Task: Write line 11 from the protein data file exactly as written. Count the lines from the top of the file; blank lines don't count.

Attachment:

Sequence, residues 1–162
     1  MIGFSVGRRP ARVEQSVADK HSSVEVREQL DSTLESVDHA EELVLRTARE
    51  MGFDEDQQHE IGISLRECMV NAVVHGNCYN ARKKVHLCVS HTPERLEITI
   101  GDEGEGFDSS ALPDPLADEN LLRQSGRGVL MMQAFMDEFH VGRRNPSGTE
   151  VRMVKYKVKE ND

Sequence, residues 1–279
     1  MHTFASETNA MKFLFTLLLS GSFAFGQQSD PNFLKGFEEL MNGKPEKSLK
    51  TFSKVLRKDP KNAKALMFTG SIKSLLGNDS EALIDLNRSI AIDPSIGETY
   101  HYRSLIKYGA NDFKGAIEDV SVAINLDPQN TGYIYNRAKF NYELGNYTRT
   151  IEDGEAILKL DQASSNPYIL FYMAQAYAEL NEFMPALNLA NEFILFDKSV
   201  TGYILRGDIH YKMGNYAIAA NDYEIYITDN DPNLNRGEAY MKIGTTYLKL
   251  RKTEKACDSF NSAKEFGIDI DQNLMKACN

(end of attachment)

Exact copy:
   201  TGYILRGDIH YKMGNYAIAA NDYEIYITDN DPNLNRGEAY MKIGTTYLKL